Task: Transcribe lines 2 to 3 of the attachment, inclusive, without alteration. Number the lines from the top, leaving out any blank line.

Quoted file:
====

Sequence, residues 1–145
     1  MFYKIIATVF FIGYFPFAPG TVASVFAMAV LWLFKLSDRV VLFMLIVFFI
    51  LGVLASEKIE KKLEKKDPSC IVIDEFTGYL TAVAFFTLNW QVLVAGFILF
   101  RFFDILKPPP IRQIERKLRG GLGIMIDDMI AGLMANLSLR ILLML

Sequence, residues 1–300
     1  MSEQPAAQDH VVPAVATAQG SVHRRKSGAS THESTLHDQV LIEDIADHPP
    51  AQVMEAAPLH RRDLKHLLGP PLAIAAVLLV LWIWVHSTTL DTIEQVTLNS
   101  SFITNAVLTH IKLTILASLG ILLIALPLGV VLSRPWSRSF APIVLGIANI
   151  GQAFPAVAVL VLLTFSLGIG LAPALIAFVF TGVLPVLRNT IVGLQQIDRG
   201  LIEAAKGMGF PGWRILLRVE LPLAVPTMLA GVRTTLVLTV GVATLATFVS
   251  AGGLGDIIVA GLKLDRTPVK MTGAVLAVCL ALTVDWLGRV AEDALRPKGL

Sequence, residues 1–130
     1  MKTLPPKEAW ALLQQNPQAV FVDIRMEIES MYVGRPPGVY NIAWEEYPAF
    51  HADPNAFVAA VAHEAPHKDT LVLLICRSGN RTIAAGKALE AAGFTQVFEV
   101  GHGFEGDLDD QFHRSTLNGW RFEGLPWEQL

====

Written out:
     1  MFYKIIATVF FIGYFPFAPG TVASVFAMAV LWLFKLSDRV VLFMLIVFFI
    51  LGVLASEKIE KKLEKKDPSC IVIDEFTGYL TAVAFFTLNW QVLVAGFILF